Congress 2015

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This past week I presented a paper, “Media narratives surrounding the Idle No More movement: The role of social and alternative media in framing Canada’s largest Indigenous mass protest,” at Congress of the Humanities and Social Sciences, hosted at the University of Ottawa. My book With a Closed Fist was part of Congress Expo, on exhibit with the Literary Press Group of Canada. The young woman in the picture, Tanya, is with the Literary Press Group of Canada.

 

Photo Credit: @LPGCanada

Photo Credit: @LPGCanada

Guest lecture at Dawson College

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Dawson College

Dawson College

Kathy often visits colleges and universities across Canada to discuss poverty issues. Last month she gave a guest lecture at Dawson College in Montreal, and spoke about the impact of poverty on individuals and families, as well as her book With a Closed Fist.

If you’d like to have Kathy speak at your school, please email us here.

Back to school

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Next week I’ll be starting a PhD in the School of Journalism and Communication at Carleton University, and to be honest I still feel like I’m making that up.

I’m the same kid who dropped out of high school when I was fifteen years old, after failing grades seven, eight and nine. Flash forward about a million years, after going back to school at 17, graduating two years later with a high school diploma and a certificate in hairdressing, I eventually went on to do an undergraduate degree, though it took me forever to complete it. School and I hadn’t exactly clicked yet. But last year I completed a master’s in Communication Studies at Wilfrid Laurier University in Waterloo. And that’s when everything changed for me. While completing my master’s degree I made a shocking discovery.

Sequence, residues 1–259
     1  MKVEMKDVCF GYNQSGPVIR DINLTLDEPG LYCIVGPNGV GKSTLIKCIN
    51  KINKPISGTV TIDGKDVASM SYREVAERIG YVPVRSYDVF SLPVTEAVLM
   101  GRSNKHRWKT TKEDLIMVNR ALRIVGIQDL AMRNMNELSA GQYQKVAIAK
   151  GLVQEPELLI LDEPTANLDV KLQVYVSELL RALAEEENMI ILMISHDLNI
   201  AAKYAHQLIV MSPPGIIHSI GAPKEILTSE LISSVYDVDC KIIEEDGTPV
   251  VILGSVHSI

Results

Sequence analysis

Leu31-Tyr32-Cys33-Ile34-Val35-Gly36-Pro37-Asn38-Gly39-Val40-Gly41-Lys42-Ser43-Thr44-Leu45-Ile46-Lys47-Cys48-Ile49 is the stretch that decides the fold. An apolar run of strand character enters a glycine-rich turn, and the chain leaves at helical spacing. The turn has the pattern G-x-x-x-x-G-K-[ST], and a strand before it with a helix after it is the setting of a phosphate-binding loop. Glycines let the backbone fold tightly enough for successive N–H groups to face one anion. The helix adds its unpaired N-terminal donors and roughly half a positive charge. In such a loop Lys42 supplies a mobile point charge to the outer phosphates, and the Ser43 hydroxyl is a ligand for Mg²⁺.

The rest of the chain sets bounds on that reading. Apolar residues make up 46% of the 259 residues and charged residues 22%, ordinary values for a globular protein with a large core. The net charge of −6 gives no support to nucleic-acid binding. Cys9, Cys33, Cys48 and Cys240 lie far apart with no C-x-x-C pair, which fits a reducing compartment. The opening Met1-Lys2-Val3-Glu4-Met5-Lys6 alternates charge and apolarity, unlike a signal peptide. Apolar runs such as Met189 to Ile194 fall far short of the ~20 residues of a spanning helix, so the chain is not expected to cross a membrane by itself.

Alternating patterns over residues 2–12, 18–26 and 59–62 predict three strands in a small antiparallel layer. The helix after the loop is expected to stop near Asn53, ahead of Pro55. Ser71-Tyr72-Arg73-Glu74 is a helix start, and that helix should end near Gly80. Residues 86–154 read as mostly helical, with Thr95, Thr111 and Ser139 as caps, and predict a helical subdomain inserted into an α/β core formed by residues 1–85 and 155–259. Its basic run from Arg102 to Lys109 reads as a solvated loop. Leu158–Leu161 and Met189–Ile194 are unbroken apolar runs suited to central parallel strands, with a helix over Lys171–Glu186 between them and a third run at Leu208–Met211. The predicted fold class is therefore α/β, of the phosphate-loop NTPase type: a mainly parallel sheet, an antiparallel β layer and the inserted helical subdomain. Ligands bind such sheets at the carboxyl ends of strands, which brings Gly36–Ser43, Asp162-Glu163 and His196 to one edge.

I like school.

No one was more surprised than me to learn that I enjoy all the writing, readings and research. And perhaps even more, all of the classroom discussions and debates with professors and students who not only have strong opinions, but informed ones as well.

The professors would assign a mountain of readings, academic articles and texts which I admit I usually had to read at least twice (okay, I’m lying, I read everything more than twice) before I could even begin to understand the author’s point, never mind try to ‘unpack’ it with other students later in class.

Which reminds me, it was in grad school that I first heard the expression ‘unpack’ used in a context other than what you do after you move.

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I learned in grad school that you could claim or argue anything; as long as you can relate it to the readings, then you can’t be wrong. And when the prof says gradschooly stuff like, “Let’s unpack this narrative together,” what they often mean is, “who can best paraphrase what the author- an established academic in the field with more credibility than your intuition, gut feelings, or opinions- of the reading has claimed?”